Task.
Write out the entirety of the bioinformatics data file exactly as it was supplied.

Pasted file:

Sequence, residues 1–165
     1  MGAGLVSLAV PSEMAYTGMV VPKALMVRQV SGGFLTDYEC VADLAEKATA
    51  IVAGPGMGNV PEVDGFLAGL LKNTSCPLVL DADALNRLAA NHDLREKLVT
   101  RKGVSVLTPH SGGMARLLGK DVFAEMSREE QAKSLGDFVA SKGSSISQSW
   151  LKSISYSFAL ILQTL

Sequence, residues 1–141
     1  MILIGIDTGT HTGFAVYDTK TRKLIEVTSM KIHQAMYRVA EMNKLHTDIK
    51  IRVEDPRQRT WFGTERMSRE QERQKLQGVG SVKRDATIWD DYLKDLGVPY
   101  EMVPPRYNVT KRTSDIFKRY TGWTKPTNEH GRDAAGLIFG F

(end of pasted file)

Sequence, residues 1–165
     1  MGAGLVSLAV PSEMAYTGMV VPKALMVRQV SGGFLTDYEC VADLAEKATA
    51  IVAGPGMGNV PEVDGFLAGL LKNTSCPLVL DADALNRLAA NHDLREKLVT
   101  RKGVSVLTPH SGGMARLLGK DVFAEMSREE QAKSLGDFVA SKGSSISQSW
   151  LKSISYSFAL ILQTL

Sequence, residues 1–141
     1  MILIGIDTGT HTGFAVYDTK TRKLIEVTSM KIHQAMYRVA EMNKLHTDIK
    51  IRVEDPRQRT WFGTERMSRE QERQKLQGVG SVKRDATIWD DYLKDLGVPY
   101  EMVPPRYNVT KRTSDIFKRY TGWTKPTNEH GRDAAGLIFG F